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Old 06-12-2007, 07:44 PM
 
Location: Vero Beach, Fl
2,949 posts, read 12,190,179 times
Reputation: 2076
Quote:
Originally Posted by zipbags View Post
We have 5 lines at work. And was hoping that I could have a system. That when any of the lines ring at the office. They would ring at my phone...or at least the secretary can transfer any of the calls she gets to me like she does with our phones now. Is that even possible?
Yes, it's possible. As one of the other posters mentioned, you might want to check using VoIP (Voice over IP) - we have this and it has made all the difference except we're a little unique in this case as we are a provider (sort of like our own telephone company).

If you don't want to go the VoIP route then see who provided your phone service in your office. What kind of phone system do you have at the office and who provided that system? Talk with them. There are many ways to go about this - in the end you can get what you want.
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Old 06-12-2007, 09:01 PM
 
Location: Las Vegas
13,906 posts, read 25,369,716 times
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I would love to telecommute and there's nothing I do that can't be done with a high speed internet connection. That said, we are all afraid to bring this up. We don't want to give them the idea that if our jobs can be done from home they could just as easily be done in INDIA. Or Pakistan...whatever.

It would be wonderful but if I keep on going to the office, I at least still have a job to go to!
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Old 06-13-2007, 12:42 AM
 
Location: WA
5,399 posts, read 21,426,023 times
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Quote:
Originally Posted by yellowsnow View Post
I would love to telecommute and there's nothing I do that can't be done with a high speed internet connection. That said, we are all afraid to bring this up. We don't want to give them the idea that if our jobs can be done from home they could just as easily be done in INDIA. Or Pakistan...whatever.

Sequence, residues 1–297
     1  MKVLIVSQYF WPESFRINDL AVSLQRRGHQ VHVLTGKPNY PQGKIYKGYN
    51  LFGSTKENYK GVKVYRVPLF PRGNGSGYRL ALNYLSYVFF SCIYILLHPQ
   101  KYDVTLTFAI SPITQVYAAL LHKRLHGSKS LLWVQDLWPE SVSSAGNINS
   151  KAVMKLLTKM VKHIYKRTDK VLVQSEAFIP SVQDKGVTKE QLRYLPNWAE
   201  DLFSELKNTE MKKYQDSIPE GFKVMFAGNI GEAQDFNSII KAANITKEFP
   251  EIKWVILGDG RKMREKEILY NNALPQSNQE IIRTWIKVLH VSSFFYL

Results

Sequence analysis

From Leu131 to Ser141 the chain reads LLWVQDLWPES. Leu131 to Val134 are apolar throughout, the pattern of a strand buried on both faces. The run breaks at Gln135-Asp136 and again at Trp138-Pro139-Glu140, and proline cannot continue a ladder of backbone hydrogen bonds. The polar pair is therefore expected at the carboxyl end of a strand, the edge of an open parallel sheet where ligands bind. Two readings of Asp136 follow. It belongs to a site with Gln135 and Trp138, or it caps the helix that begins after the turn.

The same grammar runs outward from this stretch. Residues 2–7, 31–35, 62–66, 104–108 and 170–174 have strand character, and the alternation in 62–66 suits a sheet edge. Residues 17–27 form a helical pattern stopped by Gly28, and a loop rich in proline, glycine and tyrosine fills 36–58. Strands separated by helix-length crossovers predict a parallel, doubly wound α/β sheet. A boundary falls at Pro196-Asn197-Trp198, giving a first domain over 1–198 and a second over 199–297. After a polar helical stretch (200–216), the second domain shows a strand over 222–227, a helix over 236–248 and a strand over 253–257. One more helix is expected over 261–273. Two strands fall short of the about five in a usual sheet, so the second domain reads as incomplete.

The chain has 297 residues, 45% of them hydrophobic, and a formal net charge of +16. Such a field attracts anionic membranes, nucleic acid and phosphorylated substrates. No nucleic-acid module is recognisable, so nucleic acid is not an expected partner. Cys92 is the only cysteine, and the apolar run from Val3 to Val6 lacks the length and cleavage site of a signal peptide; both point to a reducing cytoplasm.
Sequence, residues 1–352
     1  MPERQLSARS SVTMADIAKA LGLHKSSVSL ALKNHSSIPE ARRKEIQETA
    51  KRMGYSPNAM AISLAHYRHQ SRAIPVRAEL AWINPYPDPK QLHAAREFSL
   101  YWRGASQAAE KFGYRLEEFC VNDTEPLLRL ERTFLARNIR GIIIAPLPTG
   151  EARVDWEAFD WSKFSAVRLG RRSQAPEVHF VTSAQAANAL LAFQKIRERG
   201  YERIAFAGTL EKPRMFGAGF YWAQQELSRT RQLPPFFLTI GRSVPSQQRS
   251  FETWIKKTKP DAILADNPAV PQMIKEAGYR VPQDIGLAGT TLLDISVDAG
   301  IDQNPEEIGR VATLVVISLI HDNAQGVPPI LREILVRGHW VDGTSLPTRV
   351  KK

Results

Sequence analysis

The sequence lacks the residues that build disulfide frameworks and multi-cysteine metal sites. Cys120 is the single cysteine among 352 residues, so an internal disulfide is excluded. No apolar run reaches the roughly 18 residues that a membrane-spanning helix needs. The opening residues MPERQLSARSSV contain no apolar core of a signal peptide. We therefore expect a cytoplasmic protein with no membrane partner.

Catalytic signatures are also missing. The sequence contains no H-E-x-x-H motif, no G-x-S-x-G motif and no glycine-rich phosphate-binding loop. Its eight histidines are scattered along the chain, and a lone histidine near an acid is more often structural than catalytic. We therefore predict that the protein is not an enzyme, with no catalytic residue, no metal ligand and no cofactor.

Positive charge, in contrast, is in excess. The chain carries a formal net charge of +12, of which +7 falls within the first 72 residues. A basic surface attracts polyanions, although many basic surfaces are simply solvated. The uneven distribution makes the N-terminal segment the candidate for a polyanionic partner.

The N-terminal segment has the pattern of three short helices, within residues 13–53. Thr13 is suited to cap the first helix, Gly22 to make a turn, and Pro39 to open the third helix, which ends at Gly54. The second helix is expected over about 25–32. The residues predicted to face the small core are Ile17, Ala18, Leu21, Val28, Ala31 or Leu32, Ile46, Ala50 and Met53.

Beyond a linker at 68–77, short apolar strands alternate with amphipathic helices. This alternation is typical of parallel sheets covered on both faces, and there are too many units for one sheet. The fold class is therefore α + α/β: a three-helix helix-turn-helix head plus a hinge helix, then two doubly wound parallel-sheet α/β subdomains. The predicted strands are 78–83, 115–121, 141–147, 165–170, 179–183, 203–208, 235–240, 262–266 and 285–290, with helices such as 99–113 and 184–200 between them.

It would be wonderful but if I keep on going to the office, I at least still have a job to go to!
Sorry, but any job that can be done remotely here can be done remotely from anywhere in the world. BUT, if you offer specific industry skills, contacts, experience, effective communications, and produce good results, you will be much more difficult to replace.

In many professions we now compete in a world-wide market place so it is more important than ever to be on top of your game.
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Old 06-13-2007, 03:55 AM
 
Location: Las Vegas
13,906 posts, read 25,369,716 times
Reputation: 26445
Quote:
Originally Posted by cdelena View Post
Sorry, but any job that can be done remotely here can be done remotely from anywhere in the world. BUT, if you offer specific industry skills, contacts, experience, effective communications, and produce good results, you will be much more difficult to replace.

In many professions we now compete in a world-wide market place so it is more important than ever to be on top of your game.
I've worked with a lot of those contractors in far-away places. I've never yet seen them deliver the same level of service as the people they replaced. I don't think they were ever intended to do so. It's just part of the game. The companies who offshore the work don't really care if the quality goes down or the work takes twice as long. All they look at is the bottom line.

I am lucky we can't communicate with them by phone. They don't speak enough English or repeat a learned script. They read English well so it's all by email. I stumbled over a huge mistake made by some of these folks. I knew immediately it would be a problem. I emailed my boss and my bosses boss outlining what I knew about the error and what the consequences of a database release would be. I was told to more or less shut up. I can follow a direct order just fine! They did their release and a disaster ensued. I was darn lucky I had copies of those emails and the responses.

Yeah, I have enough first-hand knowledge of that world wide market!